According to directors and directors of photography choosing the appropriate shot scale for a scene is primarily an issue of narrative function. However, especially in the practice of art cinema preference of specific shot scales may be an important indicator of a particular style. In some cases statistical analysis of overall shot scale distribution in films reveals consistent and recurrent patterns of shot scale distribution in an author's work. Such a consistency is surprising, because it cannot be the result of conscious decision. No filmmaker plans the proportion of each shot scale in a film. This article investigates a systematic variation of shot scale distribution (SSD) patterns disclosed in the films of Michelangelo Antonioni, and Ingmar Bergman, which raises a number of questions regarding the possible aesthetic and cognitive sources of such a regularity.
András Bálint Kovács
The connection between film elements and brain responses has been suggested by a number of neurocognitive studies. The studies of event segmentation, in particular, support that film editing conditions cognitive responses. After discussing the findings of these studies, this article draws on Münsterberg and Arnheim's classical cognitive approaches to film as well as on poststructuralist film theory to argue that the event segmentation approach still falls short of accounting for the impact of noncontinuous film stimuli on the brain's event segmentation, while it shares with other neurocognitive film research the tendency to naturalize narrative and continuity editing. Finally, the article points out that by approaching the findings of event segmentation studies from the perspective of complex systems neuroscience, new hypotheses can be drawn on how noncontinuous and complex film stimuli condition our brains by mediating (enabling or disrupting) event segmentation and cognitive patterning.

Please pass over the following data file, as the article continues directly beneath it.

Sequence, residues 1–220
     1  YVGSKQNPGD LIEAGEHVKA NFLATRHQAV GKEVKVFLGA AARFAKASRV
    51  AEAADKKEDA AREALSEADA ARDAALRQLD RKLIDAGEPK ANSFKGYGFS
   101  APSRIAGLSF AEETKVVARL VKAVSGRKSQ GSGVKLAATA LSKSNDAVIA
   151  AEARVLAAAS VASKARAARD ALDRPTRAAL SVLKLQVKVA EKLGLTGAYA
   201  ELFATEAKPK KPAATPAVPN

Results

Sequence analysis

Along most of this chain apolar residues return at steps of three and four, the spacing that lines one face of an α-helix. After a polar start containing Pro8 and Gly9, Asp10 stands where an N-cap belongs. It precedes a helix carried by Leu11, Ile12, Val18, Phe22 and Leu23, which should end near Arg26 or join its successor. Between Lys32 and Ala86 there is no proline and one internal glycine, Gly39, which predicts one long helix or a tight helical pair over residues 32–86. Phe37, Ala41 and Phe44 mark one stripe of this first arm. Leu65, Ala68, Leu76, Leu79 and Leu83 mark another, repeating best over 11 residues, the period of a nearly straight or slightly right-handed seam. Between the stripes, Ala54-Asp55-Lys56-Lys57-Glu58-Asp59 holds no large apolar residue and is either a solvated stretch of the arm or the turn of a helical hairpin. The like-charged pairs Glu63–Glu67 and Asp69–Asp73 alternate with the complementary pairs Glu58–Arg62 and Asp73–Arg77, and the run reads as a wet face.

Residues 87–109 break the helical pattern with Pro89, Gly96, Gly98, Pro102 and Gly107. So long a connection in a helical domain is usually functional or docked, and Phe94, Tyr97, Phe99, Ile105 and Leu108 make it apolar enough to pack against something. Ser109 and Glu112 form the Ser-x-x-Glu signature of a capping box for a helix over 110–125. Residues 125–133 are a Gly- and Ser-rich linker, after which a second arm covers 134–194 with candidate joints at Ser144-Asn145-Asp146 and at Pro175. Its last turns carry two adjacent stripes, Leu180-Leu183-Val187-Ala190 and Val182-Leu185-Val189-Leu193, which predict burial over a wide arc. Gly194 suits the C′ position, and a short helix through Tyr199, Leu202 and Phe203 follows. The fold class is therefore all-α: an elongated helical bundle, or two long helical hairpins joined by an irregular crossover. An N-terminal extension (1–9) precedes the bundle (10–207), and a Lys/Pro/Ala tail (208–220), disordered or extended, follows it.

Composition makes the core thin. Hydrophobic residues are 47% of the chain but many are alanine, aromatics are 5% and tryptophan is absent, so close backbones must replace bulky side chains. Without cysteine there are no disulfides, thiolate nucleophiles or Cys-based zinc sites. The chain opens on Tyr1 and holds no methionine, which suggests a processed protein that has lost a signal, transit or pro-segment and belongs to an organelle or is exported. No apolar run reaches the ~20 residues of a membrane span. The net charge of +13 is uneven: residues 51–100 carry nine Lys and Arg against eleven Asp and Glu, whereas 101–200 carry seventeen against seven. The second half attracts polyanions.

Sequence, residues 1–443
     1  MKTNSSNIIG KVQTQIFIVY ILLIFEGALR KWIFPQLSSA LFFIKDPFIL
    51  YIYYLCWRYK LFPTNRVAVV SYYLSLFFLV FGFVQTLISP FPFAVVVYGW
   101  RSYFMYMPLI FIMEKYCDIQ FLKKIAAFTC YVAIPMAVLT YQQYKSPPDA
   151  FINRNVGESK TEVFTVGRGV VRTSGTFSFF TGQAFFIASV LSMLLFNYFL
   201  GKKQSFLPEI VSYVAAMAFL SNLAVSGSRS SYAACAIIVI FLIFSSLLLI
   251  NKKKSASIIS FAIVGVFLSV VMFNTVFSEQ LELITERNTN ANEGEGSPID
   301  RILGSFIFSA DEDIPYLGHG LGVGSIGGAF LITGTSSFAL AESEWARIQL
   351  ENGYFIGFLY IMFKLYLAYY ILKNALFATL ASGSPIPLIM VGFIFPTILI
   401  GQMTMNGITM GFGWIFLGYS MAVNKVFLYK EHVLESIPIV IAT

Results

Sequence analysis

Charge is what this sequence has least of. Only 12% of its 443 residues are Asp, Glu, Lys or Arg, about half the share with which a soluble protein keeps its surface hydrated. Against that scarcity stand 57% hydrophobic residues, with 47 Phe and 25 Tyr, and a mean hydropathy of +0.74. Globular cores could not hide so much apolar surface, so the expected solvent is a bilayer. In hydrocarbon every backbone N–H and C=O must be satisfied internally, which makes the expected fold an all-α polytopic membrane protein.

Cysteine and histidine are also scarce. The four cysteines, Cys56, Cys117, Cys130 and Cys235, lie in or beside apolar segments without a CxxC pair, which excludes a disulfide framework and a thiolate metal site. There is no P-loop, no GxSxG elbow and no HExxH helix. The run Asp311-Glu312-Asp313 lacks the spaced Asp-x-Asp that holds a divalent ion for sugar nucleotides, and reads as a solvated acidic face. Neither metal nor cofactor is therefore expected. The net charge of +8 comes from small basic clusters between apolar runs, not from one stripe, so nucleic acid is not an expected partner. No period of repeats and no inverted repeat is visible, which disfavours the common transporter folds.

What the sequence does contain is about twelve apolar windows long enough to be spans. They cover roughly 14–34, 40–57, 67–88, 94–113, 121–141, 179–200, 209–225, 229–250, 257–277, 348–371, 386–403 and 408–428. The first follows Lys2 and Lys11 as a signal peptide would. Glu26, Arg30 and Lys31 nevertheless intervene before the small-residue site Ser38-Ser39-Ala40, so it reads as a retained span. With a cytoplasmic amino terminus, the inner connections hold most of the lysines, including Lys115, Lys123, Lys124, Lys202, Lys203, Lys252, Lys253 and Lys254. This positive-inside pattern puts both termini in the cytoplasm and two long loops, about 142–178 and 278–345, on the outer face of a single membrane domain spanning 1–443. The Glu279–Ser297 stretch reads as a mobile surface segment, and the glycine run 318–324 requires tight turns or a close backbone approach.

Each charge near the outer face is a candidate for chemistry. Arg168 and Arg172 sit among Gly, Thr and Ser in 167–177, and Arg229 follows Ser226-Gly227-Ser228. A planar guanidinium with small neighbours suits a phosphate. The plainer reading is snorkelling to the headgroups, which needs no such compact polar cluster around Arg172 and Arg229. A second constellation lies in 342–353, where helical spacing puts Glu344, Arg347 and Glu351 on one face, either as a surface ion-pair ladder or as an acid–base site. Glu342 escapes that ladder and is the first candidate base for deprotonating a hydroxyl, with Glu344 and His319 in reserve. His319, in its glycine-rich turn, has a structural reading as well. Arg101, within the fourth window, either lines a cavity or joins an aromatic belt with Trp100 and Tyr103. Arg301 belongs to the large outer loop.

Elisabeth Timm and Patrick Laviolette
interested in the experiential and the sensorial have been aware of issues dealing with hierarchies, domination and resistance. Yet phenomenological and more existentially grounded approaches to understanding human behaviour, cultural meanings, cognitive
Gal Raz, Giancarlo Valente, Michele Svanera, Sergio Benini, and András Bálint Kovács
Cognitive Pattern? ” Projections 8 ( 2 ): 50 – 70 . https://doi.org/10.3167/proj.2014.080204 10.3167/proj.2014.080204 Kovács , András Bálint , and Nóra Fanny Zentay . 2017 . “ The Use of Quantitative Methods in the Humanities .” In A History